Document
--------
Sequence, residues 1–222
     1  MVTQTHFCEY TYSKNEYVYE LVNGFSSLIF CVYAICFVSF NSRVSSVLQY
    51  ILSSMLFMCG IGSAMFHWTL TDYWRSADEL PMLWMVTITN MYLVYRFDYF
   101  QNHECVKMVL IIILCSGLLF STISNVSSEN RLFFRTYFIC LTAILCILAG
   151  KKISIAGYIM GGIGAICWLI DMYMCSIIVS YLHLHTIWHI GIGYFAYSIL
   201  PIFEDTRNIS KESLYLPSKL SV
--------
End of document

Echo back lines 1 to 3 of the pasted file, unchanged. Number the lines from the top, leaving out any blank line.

Sequence, residues 1–222
     1  MVTQTHFCEY TYSKNEYVYE LVNGFSSLIF CVYAICFVSF NSRVSSVLQY
    51  ILSSMLFMCG IGSAMFHWTL TDYWRSADEL PMLWMVTITN MYLVYRFDYF